Private equity generates better returns

Recent studies show that private equity investments deliver better returns over the medium and long term than buying stocks. This further increases the attractiveness of this form of investment - more and more companies are striving to enter the market and new funds are also continuously being launched.

PE achieves attractive returns

The study is waiting with many current figures and statistics "The Performance of European Private Equity Benchmark Report 2019" from the European interest group Invest Europe. The main conclusion: European leverage buy-out funds have achieved an average annual net return (IRR) of 15.0 percent since the end of 2009. This is well above the performance of the MSCI Europe (index for the performance of the European stock market) with a value of 5.84 percent. The extensive study by Invest Europe is not public, but only available to members of the association - the key statements can be found in the associated press release. A recent investigation "Private equity as an asset class" of the Federal Association of German Capital Investment Companies (BVK) and the Center for Corporate Transactions and Private Equity (CCTPE) of the HHL Leipzig Graduate School of Management with the support of KfW Capital provides values ​​similar to the study by the European association. When asked about the expected performance of their investments, the investment managers give a minimum return of nine to ten percent.

DBAG is trendy

The results of the studies coincide with the performance of the portfolio companies in the DBAG funds. The net asset value of the private equity investments of Deutsche Beteiligungs AG - a comparable key figure - rose by around 13 percent annually between the end of 2014 (this figure has been available since) and the end of 2019, i.e. the reference date of the Invest Europe study, if the distributed dividends are taken into account. The net asset value roughly corresponds to the equity.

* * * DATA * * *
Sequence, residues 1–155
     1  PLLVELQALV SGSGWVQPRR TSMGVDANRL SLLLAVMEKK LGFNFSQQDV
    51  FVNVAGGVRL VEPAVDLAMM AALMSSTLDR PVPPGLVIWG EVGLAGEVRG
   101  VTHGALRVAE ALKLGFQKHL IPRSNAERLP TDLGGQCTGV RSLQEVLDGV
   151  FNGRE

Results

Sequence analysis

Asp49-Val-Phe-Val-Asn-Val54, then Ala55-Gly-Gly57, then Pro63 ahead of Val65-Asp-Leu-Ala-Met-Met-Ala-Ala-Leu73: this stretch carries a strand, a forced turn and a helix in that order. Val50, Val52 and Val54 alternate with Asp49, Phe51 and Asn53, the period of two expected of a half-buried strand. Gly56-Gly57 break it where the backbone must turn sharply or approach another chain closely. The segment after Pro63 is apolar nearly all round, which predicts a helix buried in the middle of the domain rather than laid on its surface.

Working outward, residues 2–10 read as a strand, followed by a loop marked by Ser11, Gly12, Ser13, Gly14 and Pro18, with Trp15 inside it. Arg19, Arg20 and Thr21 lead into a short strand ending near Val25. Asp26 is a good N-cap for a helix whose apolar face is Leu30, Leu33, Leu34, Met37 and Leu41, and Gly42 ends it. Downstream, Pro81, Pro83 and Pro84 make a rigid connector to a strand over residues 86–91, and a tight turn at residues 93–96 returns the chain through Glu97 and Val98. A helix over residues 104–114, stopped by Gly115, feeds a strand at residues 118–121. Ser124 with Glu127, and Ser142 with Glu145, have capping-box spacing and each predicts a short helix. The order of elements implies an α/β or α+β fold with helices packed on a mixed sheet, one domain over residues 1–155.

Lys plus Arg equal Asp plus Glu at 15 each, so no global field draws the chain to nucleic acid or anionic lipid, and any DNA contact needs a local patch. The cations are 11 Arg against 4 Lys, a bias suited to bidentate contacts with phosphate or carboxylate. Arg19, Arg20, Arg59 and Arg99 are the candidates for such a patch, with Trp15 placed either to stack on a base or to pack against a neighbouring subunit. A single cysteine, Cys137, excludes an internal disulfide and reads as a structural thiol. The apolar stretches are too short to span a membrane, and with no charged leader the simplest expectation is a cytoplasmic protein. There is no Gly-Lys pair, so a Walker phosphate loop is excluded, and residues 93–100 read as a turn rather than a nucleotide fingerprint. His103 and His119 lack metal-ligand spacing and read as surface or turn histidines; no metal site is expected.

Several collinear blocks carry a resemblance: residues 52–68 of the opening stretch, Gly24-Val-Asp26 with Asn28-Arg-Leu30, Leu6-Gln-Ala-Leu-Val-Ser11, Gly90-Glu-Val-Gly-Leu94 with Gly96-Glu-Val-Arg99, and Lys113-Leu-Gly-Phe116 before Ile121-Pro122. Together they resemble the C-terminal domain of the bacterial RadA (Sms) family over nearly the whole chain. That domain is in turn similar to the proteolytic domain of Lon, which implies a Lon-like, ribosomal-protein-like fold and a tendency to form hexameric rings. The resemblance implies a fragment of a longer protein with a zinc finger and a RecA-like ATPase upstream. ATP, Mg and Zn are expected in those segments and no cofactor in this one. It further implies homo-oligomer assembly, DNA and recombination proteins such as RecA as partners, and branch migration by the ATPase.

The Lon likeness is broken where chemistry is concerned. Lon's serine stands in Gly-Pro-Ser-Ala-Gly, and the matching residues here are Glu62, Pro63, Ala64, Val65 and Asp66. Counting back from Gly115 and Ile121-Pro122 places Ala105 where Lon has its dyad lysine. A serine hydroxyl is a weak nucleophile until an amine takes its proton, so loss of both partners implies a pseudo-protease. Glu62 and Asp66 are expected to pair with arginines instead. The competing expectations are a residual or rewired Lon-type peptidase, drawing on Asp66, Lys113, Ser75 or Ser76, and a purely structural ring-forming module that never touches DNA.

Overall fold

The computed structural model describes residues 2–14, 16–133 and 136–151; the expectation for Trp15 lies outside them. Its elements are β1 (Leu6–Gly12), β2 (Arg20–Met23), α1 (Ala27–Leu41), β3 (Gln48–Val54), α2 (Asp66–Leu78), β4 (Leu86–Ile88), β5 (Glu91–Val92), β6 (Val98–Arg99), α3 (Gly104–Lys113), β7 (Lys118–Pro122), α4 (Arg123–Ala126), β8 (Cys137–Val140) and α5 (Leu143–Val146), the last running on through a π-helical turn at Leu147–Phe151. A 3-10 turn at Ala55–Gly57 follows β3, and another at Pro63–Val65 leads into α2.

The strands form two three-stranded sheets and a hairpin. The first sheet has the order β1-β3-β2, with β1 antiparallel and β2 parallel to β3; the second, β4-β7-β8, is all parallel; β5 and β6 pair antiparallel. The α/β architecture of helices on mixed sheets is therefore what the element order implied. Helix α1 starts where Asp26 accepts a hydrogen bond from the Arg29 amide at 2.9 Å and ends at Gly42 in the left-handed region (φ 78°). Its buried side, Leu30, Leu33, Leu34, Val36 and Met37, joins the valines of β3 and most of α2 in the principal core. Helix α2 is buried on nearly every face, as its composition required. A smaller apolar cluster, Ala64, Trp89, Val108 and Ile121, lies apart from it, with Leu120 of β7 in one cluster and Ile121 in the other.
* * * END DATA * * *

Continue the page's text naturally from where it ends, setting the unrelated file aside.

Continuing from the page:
According to the BVK study, more than two thirds of the investors surveyed are planning to expand their private equity investments in the next two years. The remaining 30 percent or more want to at least maintain the level. Almost 80 percent of the investors surveyed have increased their PE activities since 2016. These values ​​show that PE investments remain attractive.

Almost 80 percent of institutional investors consider investments to be important in the future, particularly in the small / midcap buy-out sectors. This is proof of the correctness of the DBAG strategy with a focus on investments in medium-sized companies. According to the BVK study, the average share of PE investments in the overall portfolio of German investors is around seven percent. This puts them below the global average of ten percent for equity capital. German family offices have placed around 13 percent of their investments in PE funds.

Experience and track record as investment criteria

Institutional investors have clear requirements for private equity funds: for more than 80 percent of the investors in the BVK study, experience and the quality of management are decisive criteria. A successful management track record is almost as important when choosing a fund. Experience and track record are also essential factors for DBAG when selecting members for its investment team.

European funds could keep up with the USA

In comparison with buy-out funds from the USA, the European companies do well in terms of performance. According to the Invest Europe study, European funds are more than two percentage points ahead with a net return of 15 percent. Compared to the stock market, the difference is much greater: With European buy-out funds the said 15 percent could be earned annually, with European stocks (measured by the MSCI Europe) only 5.84 percent. This is then reflected in a correspondingly higher multiple of the invested capital, namely 1.67 (buy-out funds) to 1.22 (European stocks), assuming comparable cash flows. The study also shows an attractive risk profile, as 85 percent of European funds have increased their investors' money.